Editor’s note: For the convenience of our readers, the Office of Port and Facility Compliance is sharing information recently released through the Cybersecurity and Infrastructure Security Agency (CISA) regarding fixes for a critical vulnerability identified in Microsoft’s handling of certificates. More information can be found in the recent Cybersecurity and Infrastructure Security Agency (CISA) Alert.
The National Security Agency identified a critical vulnerability, CVE-2020-0601, in Microsoft’s handling of certificates. Microsoft released software fixes Jan. 14, 2020 to address 49 vulnerabilities as part of their monthly “Patch Tuesday” announcement. Due to the severity of some of the vulnerabilities, the Coast Guard strongly recommends organizations/individuals in the maritime community install these critical patches in the most expeditious manner possible.
CVE-2020-0601 affects all machines running 32- or 64-bit Windows 10 operating systems, including Windows Server versions 2016, and could permit an attacker to craft PKI/digital certificates to spoof trusted identifies such as individuals, web sites, software companies, service providers, or others. Using a forged certificate, the attacker could can gain access to vulnerable systems by sending a malicious executable file. The user would have no way of knowing the file was malicious, because the digital signature would appear to be from a trusted provider.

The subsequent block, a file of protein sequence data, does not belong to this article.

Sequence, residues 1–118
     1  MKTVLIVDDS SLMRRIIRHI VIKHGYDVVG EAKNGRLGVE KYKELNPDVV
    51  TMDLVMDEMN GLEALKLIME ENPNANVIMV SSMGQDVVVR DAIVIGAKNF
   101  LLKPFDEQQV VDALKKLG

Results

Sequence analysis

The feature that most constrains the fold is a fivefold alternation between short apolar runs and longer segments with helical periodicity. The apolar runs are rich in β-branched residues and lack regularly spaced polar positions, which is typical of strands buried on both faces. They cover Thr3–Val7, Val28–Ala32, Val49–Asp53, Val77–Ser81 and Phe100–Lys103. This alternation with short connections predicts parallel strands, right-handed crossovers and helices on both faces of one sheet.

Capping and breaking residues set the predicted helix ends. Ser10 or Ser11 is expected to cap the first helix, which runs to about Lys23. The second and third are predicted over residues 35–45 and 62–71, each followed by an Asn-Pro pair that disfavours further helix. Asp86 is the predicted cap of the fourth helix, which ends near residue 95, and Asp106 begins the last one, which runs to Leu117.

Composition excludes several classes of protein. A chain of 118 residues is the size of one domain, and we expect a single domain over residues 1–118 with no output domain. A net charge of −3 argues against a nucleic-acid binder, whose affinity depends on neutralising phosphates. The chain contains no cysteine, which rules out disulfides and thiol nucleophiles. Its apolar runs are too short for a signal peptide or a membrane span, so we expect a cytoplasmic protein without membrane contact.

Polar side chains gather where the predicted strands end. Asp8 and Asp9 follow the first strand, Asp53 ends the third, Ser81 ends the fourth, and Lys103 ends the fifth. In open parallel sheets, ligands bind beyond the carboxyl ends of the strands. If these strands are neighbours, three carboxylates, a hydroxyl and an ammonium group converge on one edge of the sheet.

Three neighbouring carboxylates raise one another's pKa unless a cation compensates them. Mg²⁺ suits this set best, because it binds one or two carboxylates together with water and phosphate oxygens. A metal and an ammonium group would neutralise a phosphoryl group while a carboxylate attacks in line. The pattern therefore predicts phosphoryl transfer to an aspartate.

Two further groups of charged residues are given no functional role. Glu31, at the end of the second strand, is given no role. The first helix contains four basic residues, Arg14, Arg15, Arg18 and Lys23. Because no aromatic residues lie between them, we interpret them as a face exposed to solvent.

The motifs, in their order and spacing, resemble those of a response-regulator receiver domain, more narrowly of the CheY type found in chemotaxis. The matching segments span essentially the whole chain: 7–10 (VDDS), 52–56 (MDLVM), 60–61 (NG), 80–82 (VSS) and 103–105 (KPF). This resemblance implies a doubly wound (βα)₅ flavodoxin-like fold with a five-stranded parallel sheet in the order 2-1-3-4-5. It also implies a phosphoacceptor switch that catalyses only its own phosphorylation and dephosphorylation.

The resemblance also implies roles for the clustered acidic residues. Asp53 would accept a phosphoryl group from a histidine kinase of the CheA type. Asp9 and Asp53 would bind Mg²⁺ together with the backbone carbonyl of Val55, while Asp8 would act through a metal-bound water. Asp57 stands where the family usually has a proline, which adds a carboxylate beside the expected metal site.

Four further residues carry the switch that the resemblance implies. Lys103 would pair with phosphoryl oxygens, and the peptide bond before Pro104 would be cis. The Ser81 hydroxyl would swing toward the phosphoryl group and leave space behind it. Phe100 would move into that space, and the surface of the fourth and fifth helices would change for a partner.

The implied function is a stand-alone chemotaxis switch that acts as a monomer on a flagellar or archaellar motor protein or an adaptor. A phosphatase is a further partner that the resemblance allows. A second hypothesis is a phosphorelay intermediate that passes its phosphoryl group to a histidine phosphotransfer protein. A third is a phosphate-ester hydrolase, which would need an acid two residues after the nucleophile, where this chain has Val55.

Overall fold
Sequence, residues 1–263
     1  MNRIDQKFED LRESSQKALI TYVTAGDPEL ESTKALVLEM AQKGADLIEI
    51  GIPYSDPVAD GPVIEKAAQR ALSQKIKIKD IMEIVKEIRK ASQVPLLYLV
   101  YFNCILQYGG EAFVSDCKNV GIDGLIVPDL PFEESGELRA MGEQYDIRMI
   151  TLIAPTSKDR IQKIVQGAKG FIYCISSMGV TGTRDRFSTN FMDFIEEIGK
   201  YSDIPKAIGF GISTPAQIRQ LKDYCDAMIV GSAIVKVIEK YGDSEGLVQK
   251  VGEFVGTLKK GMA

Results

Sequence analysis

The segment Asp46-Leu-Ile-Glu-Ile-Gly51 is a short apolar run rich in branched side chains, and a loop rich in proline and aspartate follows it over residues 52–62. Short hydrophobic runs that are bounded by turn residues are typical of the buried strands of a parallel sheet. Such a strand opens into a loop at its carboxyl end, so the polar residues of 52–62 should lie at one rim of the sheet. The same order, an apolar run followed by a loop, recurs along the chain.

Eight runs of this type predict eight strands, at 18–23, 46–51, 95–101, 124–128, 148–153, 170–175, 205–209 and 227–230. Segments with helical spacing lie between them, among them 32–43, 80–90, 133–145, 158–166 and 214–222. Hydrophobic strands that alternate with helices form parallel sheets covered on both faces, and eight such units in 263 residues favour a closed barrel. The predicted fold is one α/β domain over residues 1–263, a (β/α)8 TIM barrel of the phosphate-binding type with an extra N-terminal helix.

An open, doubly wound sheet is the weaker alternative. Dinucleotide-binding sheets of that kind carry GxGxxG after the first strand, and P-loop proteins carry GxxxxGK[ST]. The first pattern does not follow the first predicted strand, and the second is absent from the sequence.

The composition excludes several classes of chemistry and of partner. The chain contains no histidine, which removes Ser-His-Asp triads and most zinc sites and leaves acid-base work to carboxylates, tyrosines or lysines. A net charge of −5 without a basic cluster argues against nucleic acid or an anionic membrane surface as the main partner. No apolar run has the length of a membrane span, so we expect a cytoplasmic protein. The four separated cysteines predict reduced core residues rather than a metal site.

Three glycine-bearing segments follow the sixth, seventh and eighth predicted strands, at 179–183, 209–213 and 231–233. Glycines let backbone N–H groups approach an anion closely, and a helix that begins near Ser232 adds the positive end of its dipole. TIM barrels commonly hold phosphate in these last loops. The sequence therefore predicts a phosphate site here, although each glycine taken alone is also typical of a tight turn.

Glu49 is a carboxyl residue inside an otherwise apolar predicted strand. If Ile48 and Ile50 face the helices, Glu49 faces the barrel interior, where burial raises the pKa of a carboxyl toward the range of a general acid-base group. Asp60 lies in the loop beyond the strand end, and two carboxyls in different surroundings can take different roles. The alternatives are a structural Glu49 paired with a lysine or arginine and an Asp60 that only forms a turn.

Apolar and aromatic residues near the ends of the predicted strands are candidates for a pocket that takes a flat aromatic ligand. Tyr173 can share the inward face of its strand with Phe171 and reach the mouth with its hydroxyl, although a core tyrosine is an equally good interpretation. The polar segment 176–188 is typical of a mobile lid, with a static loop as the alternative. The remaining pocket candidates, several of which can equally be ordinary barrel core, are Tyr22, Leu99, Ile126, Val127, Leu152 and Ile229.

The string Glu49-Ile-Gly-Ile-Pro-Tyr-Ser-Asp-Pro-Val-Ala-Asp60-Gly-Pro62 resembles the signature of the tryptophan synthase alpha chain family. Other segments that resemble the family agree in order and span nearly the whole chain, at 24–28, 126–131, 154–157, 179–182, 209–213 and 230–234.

Other vulnerabilities specifically mentioned (CVE-2020-0609, CVE-2020-0610, and CVE-2020-0611) affect Windows Server 2012 and newer. In addition, CVE-2020-0611 affects Windows 7 and newer. The server vulnerabilities can be exploited by initiating a remote connection and sending a specially crafted request. These vulnerabilities are critical because they do not require any authentication or user interaction to allow the attacker assess to the server. The client vulnerability can be exploited by convincing a user to connect to a malicious server/website. Once the attacker has gained the remote connection, they can use it to deploy ransomware, install backdoors, or move through the environment.
Organizations should prioritize patching by starting with mission-critical systems, internet-facing systems, and networked servers. Organizations should then prioritize patching other affected information technology/operational technology (IT/OT) assets. Individuals should ensure that all home devices are updated.
Individuals should review their personally owned machines and can check for available computer updates at the following menu location on their machine: “Start > Microsoft System Center > Software Center > Updates menu.”
More information can be found in the recent Cybersecurity and Infrastructure Security Agency (CISA) Alert.
This blog is not a replacement or substitute for the formal posting of regulations and updates or existing processes for receiving formal feedback of the same. Links provided on this blog will direct the reader to official source documents, such as the Federal Register, Homeport and the Code of Federal Regulations. These documents remain the official source for regulatory information published by the Coast Guard.